An encouraging result for LGBT rights

The US Supreme Court, by a 7-2 margin, has declined to hear a case where a school board appealed a lower court verdict against their policy of demanding that students only use bathrooms according to the gender assigned to them at birth, thus providing a victory for transgender rights.

The case involved a former high school student, Gavin Grimm, who filed a federal lawsuit after he was told he could not use the boys’ bathroom at his public high school.

The policy of the school board for Gloucester county, Virginia required Grimm to use restrooms that corresponded with his biological sex – female – or private bathrooms.

Last August, the US court of appeals for the fourth circuit ruled that the board had practiced sex-based discrimination and violated Grimm’s 14th amendment rights by prohibiting him from using the boys’ restroom.

Judge Henry Floyd wrote: “The proudest moments of the federal judiciary have been when we affirm the burgeoning values of our bright youth, rather than preserve the prejudices of the past.”

Nonetheless, on the supreme court Samuel Alito and Clarence Thomas, two of the most hardline justices on a panel slanted 6-3 in favor of conservatives, voted to hear the board’s appeal.

Upholding the decision of the appeals court sets a strong legal precedent. But because the supreme court has chosen not to hear the case itself, there is still no nationwide ruling on the issue.

This means that the Appeals Court decision, although strictly binding only within that circuit, will still strongly influence lower court decisions elsewhere. But one cannot draw too strong a conclusion when the Supreme Court declines to hear a case. It may not necessarily signal that they support the Appeals Court decision. Sometimes they wait until different lower courts reach different conclusions. Or they may be waiting for a more suitable case.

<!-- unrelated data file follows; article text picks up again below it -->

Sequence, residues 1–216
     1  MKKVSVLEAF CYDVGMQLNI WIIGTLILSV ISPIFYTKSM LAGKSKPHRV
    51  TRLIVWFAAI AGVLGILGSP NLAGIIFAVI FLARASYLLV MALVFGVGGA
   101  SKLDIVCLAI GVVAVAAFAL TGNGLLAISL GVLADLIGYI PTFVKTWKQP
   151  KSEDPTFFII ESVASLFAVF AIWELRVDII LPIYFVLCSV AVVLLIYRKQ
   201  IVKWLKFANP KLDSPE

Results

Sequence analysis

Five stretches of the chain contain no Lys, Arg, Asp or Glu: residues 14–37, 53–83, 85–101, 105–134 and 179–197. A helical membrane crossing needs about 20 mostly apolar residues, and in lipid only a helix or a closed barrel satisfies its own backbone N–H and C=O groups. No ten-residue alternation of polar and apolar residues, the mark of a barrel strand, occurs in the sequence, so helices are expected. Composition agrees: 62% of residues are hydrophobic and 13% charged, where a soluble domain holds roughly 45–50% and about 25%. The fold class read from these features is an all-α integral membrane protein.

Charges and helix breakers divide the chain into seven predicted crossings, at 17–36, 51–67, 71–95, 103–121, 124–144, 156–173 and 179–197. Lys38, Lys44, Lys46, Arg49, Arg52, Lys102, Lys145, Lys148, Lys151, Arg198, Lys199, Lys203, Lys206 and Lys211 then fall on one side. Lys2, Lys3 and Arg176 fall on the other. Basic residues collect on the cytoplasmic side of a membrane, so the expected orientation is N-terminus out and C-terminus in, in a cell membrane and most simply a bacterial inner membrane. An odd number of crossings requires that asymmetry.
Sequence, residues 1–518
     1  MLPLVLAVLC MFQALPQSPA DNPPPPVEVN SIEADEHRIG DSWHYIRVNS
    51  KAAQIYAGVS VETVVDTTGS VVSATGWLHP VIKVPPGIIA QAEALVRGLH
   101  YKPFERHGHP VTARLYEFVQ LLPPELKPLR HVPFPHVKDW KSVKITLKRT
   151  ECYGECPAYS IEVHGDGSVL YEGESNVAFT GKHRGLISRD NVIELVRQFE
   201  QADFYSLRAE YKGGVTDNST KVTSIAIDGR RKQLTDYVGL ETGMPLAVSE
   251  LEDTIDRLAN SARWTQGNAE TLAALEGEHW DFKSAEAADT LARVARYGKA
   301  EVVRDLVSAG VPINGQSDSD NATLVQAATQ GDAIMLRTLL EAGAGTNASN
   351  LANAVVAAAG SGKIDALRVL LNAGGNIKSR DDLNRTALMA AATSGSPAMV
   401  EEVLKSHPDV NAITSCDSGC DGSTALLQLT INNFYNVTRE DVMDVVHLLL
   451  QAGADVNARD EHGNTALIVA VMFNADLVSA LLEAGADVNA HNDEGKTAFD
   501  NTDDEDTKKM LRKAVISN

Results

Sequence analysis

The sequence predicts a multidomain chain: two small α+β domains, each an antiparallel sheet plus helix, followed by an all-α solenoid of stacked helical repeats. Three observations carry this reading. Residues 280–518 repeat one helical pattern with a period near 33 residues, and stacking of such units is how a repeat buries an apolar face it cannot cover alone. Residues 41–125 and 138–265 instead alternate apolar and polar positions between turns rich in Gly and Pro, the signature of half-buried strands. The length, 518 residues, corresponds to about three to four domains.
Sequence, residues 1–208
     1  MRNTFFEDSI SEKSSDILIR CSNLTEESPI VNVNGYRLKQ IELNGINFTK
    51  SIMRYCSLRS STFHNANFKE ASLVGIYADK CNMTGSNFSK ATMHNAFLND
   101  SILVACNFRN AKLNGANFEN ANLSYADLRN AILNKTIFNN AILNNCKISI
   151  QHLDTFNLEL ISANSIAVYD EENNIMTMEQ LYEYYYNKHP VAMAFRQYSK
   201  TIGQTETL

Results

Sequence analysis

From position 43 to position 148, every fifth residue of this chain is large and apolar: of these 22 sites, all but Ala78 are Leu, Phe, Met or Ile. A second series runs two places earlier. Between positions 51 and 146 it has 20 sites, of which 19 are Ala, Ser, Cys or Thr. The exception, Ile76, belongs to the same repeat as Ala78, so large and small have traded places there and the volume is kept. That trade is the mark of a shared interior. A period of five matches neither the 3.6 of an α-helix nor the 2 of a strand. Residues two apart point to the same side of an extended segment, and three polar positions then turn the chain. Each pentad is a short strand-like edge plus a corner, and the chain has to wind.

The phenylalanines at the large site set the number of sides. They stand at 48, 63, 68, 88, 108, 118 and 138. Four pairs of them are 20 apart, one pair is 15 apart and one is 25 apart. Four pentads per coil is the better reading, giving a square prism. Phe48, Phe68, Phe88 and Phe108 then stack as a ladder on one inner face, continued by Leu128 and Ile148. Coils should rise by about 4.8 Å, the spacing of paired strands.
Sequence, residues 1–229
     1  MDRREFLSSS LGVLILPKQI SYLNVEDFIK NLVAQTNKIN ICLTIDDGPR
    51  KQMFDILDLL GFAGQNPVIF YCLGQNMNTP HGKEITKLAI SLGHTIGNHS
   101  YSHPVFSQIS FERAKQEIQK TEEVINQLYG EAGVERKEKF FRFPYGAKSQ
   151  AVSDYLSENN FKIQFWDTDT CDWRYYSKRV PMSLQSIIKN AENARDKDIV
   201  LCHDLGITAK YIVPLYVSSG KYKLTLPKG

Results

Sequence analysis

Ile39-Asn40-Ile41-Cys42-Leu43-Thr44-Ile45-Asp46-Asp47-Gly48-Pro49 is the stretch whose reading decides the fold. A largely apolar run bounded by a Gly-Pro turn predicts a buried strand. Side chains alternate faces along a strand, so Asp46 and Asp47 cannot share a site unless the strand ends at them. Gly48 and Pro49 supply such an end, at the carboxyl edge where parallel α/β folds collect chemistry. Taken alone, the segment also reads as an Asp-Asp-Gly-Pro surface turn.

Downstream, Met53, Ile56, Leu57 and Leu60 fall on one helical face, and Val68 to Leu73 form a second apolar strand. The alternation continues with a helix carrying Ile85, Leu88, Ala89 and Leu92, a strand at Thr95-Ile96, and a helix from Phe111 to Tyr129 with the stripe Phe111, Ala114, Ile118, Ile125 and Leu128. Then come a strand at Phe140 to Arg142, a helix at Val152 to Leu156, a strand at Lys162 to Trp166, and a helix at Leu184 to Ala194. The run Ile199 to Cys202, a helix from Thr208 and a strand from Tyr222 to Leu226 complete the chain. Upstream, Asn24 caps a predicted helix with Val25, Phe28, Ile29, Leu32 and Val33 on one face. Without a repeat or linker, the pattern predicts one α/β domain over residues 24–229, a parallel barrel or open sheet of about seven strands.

One thing to note is that the anti-LGBT activists have focused most of their attention on trans women and sought to ban them from women’s sports and bathrooms, portraying them as either seeking to gain an unfair advantage or as sexual predators, and I suspect that the school board’s policy was aimed at them but they were taken to court by a trans male. There are similar ‘bathroom bills’ being introduced is state legislatures across the country, such as in Iowa, and at some point, especially if there are different lower court rulings, I expect the Supreme Court to step in.

On the other hand, other jurisdictions have banned discrimination agianst the transgender community.

As of June 2018, 18 states and the District of Columbia had adopted anti-discrimination laws that included protections for transgender people. Generally speaking, these laws applied to employment, housing, and public accommodations. These states are listed in the table below. As of June 2018, there was no federal anti-discrimination law that provided protections on the basis of sexual orientation or gender identity.

We seem to be at a similar stage with respect to the early days for the push to allow same-sex marriages, where different states had different laws and opponents of granting equal rights warned of all manner dire consequences if bans of such marriages were declared unconstitutional. And yet here we are. The predicted apocalypse has not materialized.

Let’s hope the eventual outcome on this issue is as positive.


  1. Matt G says

    Still, it is very discouraging how much staying power homophobia has. Despite the world not coming to an end as a result of Obergefell (2015) and same-sex marriage, opposition to it remains strong. And those who rail against it most fervently still have an audience (and an income), and don’t seem to pay a price for their bigotry.

  2. anat says

    Marr G, OTOH we have reached the point where just over 50% of *Republicans* support marriage equality.

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